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Ethics and Religion Talk: Final thoughts and reflections

How has being a columnist for Ethics and Religion Talk affected you personally or professionally? Do you have a favorite question or response that you are especially proud of?

What is Ethics and Religion Talk?


For twelve years, “Ethics and Religion Talk” has answered your questions of ethics or religion from a multi-faith perspective. Each post contains three or four responses to a reader question from a panel of nine diverse clergy from different religious perspectives, all based in the Grand Rapids area. It is the only column of its kind. No other news site, religious or otherwise, publishes a similar column.


The first five years of columns, published in the Grand Rapids Press and MLive, are archived at More recent columns can be found on by searching for the tag “ethics and religion talk.”

For more resources on interfaith dialogue and understanding, see the Kaufman Interfaith Institute page and their weekly Interfaith Insight column at


This week we begin to say goodbye to the Ethics and Religion Talk column as two of our panelists and one former panelist reflect back on their years. 

How has being a columnist for Ethics and Religion Talk affected you personally or professionally? Do you have a favorite question or response that you are especially proud of?

Fred Stella may have been our most prolific contributor, writing 372 responses. In addition, he has submitted countless questions, culled from his contacts within the world of interfaith dialogue in his role as president of the Interfaith Dialogue Association of Grand Rapids. He began back in August 2014, just about two years after Ethics and Religion Talk first appeared in the Grand Rapids Press. Fred is the Pracharak (Outreach Minister) for the West Michigan Hindu Temple.

He writes:

Being a part of this panel has been an honor. What I appreciate the most about this experience is having the opportunity to dive into so many elements of the Hindu Dharma that I am sure most non-Hindus have never been exposed to.

I can’t think of one particular column that might have been my favorite, but I will say that any piece that I and my colleagues wrote which generated feedback (positive or otherwise) meant a lot. I will also say that I appreciated the compensation I received for my efforts. It was never in the form of American currency, stock options or Bitcoin. But during our tenure with the GR Press, panel members were often treated annually to a Whitecaps game and after that we made it a point to enjoy one another’s company at a summer lunch. I’ve always felt honored to be in the company of these people. 

And I cannot close without a big shout out to the progenitor of this effort, Rabbi David Krishef. His tenacity, patience and discipline kept us running like a well-oiled machine all these years. I’m sure we are all grateful to His Menchness.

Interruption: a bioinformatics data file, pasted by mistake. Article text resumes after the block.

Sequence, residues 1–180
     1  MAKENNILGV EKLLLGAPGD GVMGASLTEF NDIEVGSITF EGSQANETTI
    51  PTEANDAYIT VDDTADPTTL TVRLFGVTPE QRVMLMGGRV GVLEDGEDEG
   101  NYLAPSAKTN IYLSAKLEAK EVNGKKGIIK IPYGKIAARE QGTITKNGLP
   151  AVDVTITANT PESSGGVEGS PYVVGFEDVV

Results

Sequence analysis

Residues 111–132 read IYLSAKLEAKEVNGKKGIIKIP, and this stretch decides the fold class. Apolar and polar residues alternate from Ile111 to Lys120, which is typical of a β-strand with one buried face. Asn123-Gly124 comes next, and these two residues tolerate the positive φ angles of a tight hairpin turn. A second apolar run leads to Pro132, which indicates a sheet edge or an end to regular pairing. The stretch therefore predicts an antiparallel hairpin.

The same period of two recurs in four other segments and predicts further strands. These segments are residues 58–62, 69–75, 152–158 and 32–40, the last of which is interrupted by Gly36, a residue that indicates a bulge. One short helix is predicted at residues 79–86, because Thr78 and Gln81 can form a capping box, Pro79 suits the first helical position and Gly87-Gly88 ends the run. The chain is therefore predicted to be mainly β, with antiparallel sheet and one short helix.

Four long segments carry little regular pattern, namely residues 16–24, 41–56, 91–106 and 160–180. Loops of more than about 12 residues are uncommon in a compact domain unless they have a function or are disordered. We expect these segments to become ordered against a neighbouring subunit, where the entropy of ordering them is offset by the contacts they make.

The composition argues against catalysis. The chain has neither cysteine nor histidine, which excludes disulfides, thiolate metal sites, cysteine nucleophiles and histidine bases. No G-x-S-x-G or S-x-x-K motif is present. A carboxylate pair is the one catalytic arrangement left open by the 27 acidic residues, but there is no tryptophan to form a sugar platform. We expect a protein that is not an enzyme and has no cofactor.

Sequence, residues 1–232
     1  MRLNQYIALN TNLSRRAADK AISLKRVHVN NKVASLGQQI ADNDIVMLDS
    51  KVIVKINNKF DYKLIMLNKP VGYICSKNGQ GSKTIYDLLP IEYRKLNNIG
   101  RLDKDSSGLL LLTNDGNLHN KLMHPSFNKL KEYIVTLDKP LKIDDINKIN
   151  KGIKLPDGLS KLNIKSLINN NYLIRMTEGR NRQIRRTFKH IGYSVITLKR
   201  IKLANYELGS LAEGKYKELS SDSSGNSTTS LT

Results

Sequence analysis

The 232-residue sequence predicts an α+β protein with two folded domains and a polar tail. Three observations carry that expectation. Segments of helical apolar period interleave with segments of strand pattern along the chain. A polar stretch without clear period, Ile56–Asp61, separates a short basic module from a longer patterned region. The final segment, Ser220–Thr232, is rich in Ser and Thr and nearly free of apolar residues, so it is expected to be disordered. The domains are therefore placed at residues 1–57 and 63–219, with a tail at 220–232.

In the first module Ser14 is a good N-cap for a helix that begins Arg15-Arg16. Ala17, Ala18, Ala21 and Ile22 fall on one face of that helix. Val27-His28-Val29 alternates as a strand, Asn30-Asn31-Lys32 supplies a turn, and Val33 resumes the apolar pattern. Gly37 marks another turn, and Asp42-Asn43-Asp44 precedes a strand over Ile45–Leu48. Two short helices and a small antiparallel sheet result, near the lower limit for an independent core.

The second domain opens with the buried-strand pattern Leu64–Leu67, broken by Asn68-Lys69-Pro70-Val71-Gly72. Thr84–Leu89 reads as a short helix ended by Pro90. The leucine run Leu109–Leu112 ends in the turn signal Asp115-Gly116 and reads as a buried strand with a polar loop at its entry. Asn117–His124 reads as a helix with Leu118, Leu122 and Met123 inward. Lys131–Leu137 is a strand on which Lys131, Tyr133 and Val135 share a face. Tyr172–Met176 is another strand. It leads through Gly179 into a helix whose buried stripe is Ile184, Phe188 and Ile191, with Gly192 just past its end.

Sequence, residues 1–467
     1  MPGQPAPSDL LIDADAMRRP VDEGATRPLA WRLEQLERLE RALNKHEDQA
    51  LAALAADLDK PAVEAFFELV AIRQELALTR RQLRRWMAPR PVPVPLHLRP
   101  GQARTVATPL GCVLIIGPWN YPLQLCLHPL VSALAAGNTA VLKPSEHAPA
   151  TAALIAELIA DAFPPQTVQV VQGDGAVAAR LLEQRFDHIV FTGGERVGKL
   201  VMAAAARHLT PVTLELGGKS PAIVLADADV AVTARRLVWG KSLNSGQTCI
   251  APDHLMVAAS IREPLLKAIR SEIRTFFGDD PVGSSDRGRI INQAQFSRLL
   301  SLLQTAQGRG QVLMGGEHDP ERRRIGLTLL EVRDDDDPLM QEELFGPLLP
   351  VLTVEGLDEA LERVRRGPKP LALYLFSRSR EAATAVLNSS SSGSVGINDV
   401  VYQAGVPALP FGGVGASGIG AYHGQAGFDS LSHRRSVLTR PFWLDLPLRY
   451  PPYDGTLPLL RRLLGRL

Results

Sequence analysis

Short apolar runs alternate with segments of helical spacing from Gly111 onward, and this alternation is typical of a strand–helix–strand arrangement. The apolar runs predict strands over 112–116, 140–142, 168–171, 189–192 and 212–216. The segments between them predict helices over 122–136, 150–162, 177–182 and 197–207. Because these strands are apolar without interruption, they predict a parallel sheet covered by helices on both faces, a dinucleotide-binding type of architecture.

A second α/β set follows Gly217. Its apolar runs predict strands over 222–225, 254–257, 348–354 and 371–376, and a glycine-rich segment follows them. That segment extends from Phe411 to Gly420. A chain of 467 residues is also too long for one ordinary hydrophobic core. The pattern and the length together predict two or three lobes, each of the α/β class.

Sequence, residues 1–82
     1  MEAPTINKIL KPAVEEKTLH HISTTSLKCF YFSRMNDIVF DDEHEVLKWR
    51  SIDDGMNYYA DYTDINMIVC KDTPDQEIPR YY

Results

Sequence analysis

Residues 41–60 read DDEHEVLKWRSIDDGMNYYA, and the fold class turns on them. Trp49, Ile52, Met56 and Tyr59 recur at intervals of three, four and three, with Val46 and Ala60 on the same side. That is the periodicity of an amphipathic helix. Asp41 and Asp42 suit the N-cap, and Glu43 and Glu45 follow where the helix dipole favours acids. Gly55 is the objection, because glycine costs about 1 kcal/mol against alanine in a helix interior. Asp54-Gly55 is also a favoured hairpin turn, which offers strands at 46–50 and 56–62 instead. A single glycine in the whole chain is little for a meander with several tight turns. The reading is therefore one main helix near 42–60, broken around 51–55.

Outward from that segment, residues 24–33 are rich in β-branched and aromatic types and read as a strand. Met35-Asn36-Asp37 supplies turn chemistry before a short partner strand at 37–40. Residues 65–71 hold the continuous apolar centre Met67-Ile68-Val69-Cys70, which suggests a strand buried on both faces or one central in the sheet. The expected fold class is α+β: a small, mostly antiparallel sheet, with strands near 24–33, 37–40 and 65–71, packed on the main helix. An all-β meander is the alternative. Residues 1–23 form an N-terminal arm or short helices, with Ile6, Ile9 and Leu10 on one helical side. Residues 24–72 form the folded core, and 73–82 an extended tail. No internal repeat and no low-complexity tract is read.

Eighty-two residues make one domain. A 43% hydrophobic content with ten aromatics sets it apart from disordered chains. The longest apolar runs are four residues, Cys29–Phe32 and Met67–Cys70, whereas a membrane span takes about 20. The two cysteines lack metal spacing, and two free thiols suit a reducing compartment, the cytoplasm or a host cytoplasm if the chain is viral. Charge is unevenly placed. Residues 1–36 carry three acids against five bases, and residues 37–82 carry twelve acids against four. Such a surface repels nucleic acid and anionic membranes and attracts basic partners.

The Reverend Colleen Squires joined the panel in November 2017. She has been a pillar of our contributors, penning 249 responses. Reverend Squires is minister at All Souls Community Church of West Michigan, a Unitarian Universalist Congregation.

She writes:

I have been very grateful to have had the opportunity to answer these questions on behalf of my Unitarian Universalist faith and All Souls Community Church, the congregation I serve. I know many people in this area of the world are unfamiliar with UUism, so I do hope I have been able to shed some light on our faith and make it more accessible. I have been glad to add our voice to the discussion particularly around subjects like welcoming LGBTQA+ people fully into our faith community, our strong support of reproductive choice, and supporting patients with their end of life choices. I personally have enjoyed weighing in on medical ethics questions because medicine will always advance quicker than we can humanly fathom. I have least enjoyed the questions that are political in nature. I feel we have lost our way as a society when we argue about treating all people kindly. Finally, I would like to say thank you to both Rabbi David Krishef for shepherding this labor of love over these many years and to our readers for taking the time to read our responses. I do hope we have had a positive impact on your life.

The Reverend Fred Wooden was one of the original panel of clergy. During his five years on the panel, he contributed 163 responses. The Reverend Wooden is a retired Unitarian minister.

He writes:

I was an original contributor, leaving in 2017 to run for electoral office. Most of our work was done virtually, answering questions by email, and we did not know the responses of others until we saw the column. That was important to me because it revealed the real variety of viewpoints, not only between religions but within religious groups.  

Even more, I began to enjoy the distinct voices of those writing as persons, not just viewpoints. Though our responses were of necessity quite short, something of our own convictions shone through and that was great. During our time as part of the newspaper, once a year we had a common meal at their invitation and had great fun connecting faces and voices with words. We felt a common bond across a wide range of beliefs and practices.  

I do not have a favorite question or memory, what always struck me were the simple questions involving daily life. We clergy spend a lot of time on matters cosmic and celestial, but most of the questions brought us back to the earth of living and trying. If I were still serving, I would compose sermons with those questions in mind far more and those dealing with beliefs and doctrines far less.

Next week. Some final thoughts from me, Rabbi David Krishef, creator of Ethics and Religion Talk.

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